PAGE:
The Columbus Dilemma

Who do we celebrate?

Bob Dumont

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Photo by Kevin Olson on Unsplash

The Christopher Columbus debate of today might be as hotly contested as the arguments prior to his voyage in 1492. What insurrection will occur if we denigrate him as the genocidal, bloodthirsty maniac he truly was instead of the bold explorer from our propagandized high school textbooks? Columbus was always a controversial figure.

The debate of a breakthrough passage to Asia and who would pay started well before the ships left port in August 1492. The earliest history of this might be in 1484 — at least eight years prior. Passage and financing of this expedition were never a certainty. What is known for sure is that upon the publishing of his exploits and discoveries in 1493, he became a phenomenon. His first voyage left with roughly 100 seamen. His second voyage departed with over 1,000 — including horses and domestic work animals. The second voyage of Columbus bears the purpose of colonization. Columbus made four expeditions to the new world.

The portrayal of this explorer from our brief teachings is of a brave hero and conqueror. The truth is that the Spanish sent out a pious moron who, until the day he died, believed he had found Asia. His erroneous beliefs continued despite the vast documentation of innumerable sailings to India and other parts of Asia for centuries. There were no reports of Asian people who looked or behaved like the people he met. The same people who believed he found Asia were probably descendants of Americans who believe the 2020 election was stolen. Lies get repeated until they become written in Texas textbooks.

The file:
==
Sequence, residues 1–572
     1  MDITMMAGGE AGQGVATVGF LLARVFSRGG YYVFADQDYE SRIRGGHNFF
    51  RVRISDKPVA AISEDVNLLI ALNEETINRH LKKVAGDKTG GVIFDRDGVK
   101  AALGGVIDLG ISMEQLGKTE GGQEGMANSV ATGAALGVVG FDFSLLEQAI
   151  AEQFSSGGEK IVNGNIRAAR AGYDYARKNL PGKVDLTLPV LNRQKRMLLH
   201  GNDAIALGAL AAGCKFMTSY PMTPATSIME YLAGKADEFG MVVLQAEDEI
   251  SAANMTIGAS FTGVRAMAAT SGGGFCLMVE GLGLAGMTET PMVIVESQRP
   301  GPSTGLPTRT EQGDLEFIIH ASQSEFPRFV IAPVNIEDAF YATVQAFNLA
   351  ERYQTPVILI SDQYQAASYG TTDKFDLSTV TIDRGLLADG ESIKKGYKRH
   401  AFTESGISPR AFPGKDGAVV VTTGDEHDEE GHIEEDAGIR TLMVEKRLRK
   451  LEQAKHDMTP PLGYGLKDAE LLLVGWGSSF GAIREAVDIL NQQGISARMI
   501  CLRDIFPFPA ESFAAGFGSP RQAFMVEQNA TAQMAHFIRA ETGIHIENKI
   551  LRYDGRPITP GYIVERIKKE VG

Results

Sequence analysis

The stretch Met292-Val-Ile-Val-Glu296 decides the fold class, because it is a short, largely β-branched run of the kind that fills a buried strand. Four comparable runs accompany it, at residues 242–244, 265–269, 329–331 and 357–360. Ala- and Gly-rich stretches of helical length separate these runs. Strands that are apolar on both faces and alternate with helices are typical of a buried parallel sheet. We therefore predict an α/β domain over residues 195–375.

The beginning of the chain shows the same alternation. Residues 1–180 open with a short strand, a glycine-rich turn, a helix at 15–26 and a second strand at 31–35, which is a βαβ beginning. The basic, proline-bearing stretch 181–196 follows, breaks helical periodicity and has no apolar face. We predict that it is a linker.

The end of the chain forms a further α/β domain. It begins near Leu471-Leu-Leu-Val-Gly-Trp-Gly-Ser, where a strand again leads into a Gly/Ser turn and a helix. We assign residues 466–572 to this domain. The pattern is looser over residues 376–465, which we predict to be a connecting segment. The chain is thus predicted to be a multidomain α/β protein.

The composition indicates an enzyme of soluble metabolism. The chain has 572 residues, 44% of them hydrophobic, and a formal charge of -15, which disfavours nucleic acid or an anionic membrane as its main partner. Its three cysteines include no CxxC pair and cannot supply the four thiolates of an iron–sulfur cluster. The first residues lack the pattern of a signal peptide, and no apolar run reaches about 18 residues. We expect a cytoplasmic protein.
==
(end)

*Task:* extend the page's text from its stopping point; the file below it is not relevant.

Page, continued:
The fairy tales of Columbus leave out the genocidal butchering as detailed by Bartolomeo de las Casas, the Friar who sailed on one of his ships. The multi-volume diary and details of Las Casas should be required reading for any teaching of Columbus. His “Historia de las Indias” is the real account of the genocidal actions of this revered moron explorer.

Let us remove any doubt that the “Indians” discovered by Columbus died from smallpox or some COVID-like disease. Those who continue to tell this tale cover up the worst of his expedition and forces. Its purpose was to convey some unknown and unforeseeable side effects of this invasion. It is a fairy tale for people to grab onto and say, “Hey, it wasn’t his fault. He…

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Bob Dumont

Writer. Programmer. Dad. Husband. Concerned. If I knew, I would know.